Village takes steps to attract new businesses - A metamorphosis has taken place in the Village of Lake Orion, with its new StreetScape, council and a new outlook on business development. Spearheaded by Council President Ken Van Portfliet and Downtown Development Authority Executive Director Suzanne Perreault, the new process involves presenting incentives and streamlined application work to attract more business opportunities to the downtown area. Another big incentive was Lake Orion’s ability to offer cheap liquor licenses, Perreault said.

November 2

Teaching with cell phones – The relationship between cell phones and schools continued to evolve. In the past, the district’s teachers may have viewed cell phones in class with a wary eye. Today, however, a number of educators here treat them differently, recognizing smart phones can be used as tools to enhance their instructional activities, teachers and administrators said. This prompted the Lake Orion School Board to approve revisions to the district’s policy regarding cell phone usage in school.

New contract for schools’ support workers - Lake Orion’s Board of Education approved a new contract with AFSCME Local 1472 in late October. Covering a total of 250 para-professionals, staff associates, bus drivers, custodial/maintenance personnel and cafeteria workers, the three-year agreement is retroactive to July 1, 2010 and runs through June 30, 2013. Mary Cottrill, AFSCME Local 1472 chairperson, agreed that both sides worked collaboratively to develop the contract and it “worked well” in the end.

November 9

Embezzlement in Hi Hill - The treasurer of an Orion area homeowner’s association had been charged with embezzling $6,000 of his neighbors’ money, reportedly to purchase golf equipment. He posted bond after being charged with embezzling more then $1,000 but less than $20,000. His attorney was unavailable for comment but the president of the association said suspicions began when it became clear the treasurer was not doing his job.

November 16

Lake Orion makes volleyball history - It had been 22 years since Lake Orion’s girls volleyball team captured a regional championship. That streak happily ended when the 2011 Lady Dragons upset two-time defending state champ Birmingham Marian, then ousted Troy, continuing an exciting postseason run that vaulted Lake Orion into the Class A state quarter-finals. The girls would go on to the finals by beating rival Clarkston. They lost in the state title match to the Rockford Rams, but still finished with the best record in Lake Orion High School history.

Art Center director moving on, leaving a fine legacy – Reggie Harrison, motivator and inspiration to countless people young and old to pursue their artistic passions, decided to leave her position. Colleagues and friends said the director of the facility has been one of the community’s greatest champions of the arts over the past decade.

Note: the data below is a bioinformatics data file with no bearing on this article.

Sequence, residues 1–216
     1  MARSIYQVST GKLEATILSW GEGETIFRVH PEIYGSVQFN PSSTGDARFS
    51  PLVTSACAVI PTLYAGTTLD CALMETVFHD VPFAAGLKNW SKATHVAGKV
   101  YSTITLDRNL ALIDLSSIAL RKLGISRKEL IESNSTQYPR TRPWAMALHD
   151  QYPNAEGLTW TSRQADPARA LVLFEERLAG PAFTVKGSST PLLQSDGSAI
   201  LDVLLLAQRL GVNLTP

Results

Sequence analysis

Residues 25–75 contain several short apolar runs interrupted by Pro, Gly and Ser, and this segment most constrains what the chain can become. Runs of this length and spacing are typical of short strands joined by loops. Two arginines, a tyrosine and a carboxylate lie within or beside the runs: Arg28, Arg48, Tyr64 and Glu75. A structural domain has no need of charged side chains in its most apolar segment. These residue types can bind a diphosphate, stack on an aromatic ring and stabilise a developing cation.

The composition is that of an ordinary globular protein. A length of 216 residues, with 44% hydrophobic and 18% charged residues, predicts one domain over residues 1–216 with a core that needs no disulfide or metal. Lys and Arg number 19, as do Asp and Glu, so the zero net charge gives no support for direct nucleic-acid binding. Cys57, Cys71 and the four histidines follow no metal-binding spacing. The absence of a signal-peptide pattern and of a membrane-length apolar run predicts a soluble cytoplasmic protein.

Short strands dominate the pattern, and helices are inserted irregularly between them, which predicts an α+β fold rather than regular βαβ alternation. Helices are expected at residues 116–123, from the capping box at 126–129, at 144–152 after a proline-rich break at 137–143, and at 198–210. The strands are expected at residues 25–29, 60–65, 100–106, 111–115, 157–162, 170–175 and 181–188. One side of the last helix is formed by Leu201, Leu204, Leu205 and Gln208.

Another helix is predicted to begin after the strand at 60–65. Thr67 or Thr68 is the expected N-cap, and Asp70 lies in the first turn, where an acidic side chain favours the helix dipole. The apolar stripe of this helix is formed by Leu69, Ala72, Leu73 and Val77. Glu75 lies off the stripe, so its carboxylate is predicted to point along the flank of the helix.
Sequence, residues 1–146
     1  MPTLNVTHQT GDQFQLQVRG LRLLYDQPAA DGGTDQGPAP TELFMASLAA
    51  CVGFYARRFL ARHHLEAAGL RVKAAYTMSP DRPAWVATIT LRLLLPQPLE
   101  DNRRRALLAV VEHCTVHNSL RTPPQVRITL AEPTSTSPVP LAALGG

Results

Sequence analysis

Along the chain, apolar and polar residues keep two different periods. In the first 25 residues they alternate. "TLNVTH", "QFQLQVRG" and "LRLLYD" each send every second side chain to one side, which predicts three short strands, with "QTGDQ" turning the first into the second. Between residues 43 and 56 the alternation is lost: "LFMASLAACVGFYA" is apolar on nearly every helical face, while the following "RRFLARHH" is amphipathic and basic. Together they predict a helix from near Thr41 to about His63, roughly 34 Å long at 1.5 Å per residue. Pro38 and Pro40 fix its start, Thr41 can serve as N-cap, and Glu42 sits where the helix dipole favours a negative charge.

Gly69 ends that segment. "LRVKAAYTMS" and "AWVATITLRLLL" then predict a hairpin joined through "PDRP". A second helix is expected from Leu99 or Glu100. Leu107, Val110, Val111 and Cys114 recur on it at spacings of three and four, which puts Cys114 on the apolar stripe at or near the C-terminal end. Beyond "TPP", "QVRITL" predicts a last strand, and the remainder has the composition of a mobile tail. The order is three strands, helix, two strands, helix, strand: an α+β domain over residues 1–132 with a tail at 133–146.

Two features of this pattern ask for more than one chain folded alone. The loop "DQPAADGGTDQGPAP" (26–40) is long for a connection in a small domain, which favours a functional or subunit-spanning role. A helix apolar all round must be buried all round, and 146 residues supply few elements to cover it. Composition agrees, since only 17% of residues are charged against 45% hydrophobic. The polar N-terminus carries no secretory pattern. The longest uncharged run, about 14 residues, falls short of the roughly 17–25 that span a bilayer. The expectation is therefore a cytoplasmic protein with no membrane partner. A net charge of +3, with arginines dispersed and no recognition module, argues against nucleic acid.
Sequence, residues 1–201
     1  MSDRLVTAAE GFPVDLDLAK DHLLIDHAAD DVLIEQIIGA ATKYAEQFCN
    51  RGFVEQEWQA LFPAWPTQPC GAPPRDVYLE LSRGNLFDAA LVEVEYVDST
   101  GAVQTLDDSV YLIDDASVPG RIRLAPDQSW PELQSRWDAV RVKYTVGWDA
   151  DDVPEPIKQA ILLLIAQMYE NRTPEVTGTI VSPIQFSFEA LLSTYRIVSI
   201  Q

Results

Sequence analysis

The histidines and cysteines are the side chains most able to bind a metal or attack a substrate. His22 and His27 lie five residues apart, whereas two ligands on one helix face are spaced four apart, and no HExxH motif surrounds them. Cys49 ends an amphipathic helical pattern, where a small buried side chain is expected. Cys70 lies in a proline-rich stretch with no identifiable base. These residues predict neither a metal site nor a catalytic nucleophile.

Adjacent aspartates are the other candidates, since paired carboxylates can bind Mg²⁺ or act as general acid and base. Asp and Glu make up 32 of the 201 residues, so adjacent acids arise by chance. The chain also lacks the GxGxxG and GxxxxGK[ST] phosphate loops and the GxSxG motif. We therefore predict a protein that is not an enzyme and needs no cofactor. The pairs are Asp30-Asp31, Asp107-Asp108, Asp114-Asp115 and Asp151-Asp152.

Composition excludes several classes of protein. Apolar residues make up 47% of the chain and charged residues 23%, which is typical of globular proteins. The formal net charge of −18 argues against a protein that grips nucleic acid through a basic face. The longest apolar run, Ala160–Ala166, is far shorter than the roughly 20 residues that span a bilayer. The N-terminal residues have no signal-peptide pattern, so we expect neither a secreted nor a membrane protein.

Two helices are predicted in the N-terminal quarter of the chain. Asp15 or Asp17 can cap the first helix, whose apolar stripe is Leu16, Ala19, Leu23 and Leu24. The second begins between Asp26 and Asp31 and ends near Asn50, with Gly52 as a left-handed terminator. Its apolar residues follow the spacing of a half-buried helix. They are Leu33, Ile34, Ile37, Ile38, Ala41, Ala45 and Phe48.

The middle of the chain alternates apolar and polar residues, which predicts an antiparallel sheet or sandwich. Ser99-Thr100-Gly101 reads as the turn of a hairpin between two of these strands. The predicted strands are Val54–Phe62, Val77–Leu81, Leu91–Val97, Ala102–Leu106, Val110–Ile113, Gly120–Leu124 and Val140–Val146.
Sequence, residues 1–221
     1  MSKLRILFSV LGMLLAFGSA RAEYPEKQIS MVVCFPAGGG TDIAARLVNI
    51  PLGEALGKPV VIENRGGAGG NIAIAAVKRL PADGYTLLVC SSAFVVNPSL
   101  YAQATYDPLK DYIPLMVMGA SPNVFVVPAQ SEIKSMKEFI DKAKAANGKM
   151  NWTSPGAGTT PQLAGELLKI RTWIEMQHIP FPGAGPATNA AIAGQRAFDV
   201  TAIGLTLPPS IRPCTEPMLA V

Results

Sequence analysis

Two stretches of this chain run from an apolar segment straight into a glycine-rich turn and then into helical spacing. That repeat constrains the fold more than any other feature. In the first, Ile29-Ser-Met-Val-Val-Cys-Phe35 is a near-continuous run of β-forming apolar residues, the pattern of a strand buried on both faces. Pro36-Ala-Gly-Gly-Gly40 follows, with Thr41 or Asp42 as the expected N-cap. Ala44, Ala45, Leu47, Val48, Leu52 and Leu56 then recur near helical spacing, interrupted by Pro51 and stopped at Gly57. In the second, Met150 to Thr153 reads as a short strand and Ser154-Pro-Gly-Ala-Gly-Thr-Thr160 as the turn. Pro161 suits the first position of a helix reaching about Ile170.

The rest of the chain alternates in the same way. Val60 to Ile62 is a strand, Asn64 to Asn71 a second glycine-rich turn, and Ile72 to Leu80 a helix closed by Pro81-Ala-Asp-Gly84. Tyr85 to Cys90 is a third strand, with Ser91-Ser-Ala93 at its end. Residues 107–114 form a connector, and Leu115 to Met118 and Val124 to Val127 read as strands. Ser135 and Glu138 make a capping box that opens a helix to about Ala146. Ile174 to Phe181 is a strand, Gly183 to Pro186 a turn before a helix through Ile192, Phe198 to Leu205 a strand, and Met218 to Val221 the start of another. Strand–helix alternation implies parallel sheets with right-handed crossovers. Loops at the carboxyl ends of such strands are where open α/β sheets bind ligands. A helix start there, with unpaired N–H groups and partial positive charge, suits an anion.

November 23

LO marching band competes at Grand Nationals - High school marching bands from across the region, including the Lake Orion Dragons, replaced football players at Lucas Oil Stadium in Indianapolis. The band competed in the prestigious Grand Nationals competition there on Nov. 10-12, showcasing the season’s program - Femme Fatale. While the band did not place in the event, members and staff insisted the experience was still well worth the trip. The intense competition drew 90 bands.

Elements of Orion closing its doors - The economy may be on a steady incline, but the hard times are not over yet and Lake Orion’s businesses have felt the pressure. After six years in business and becoming a staple of the downtown area, Elements announced it will be closing its doors at the end of the year. Owners blamed the economy and StreetScape construction.

December 7

Suicide forum set - Lake Orion learned it may indeed take a village, or the entire township, to raise their children safely and convince them how precious life is. Community organizations joined forces with county health professionals, local school officials and others in an unprecedented effort to help at-risk youth and other persons who may be contemplating suicide. They invited residents of Lake Orion to attend a special community forum on the tragedies in mid-December. More than 600 people showed up, with most thinking the forum was a great first step.

December 14

Lafayette resigns as principal, named tech director – Lake Orion High School Principal Sophia Lafayette decided to follow her passion and leave the principal position after nearly two years to become the district’s Director of Technology and Media Services. It also was announced Tom Tobe would serve as interim principal until a permanent replacement is found, ideally by June 30, according to Superintendent Marion Ginopolis.

December 21

Township’s 2012 budget finalized - Members of the Orion Township Board, approaching a state-mandated year-end deadline, approved the community’s 2012 budget on Dec. 19. Faced with continued revenue declines, the board allocated money from the township’s general fund to provide a balanced budget - at this point about $835,500 to cover a projected shortfall. Going into 2012, the general fund balance stood at $4.8 million. Treasurer Alice Young said the township cannot continue to tap into the general fund, instead pushing for further budget cuts next year.

December 28

Deputies retain sole police authority in schools - A heated debate over protecting and educating kids in school dominated the final Orion Township board meeting of the year on Dec. 19. At issue was the school district’s desire to work with both the sheriff’s deputies and Lake Orion Police Department to expand the law enforcement presence and proactive education activities in all of its schools. While everyone agreed this was a good idea, there were mixed opinions on how it could be accomplished. In the end, the sheriff’s department retained sole authority, although both police agencies will work together on proactive programs throughout the district.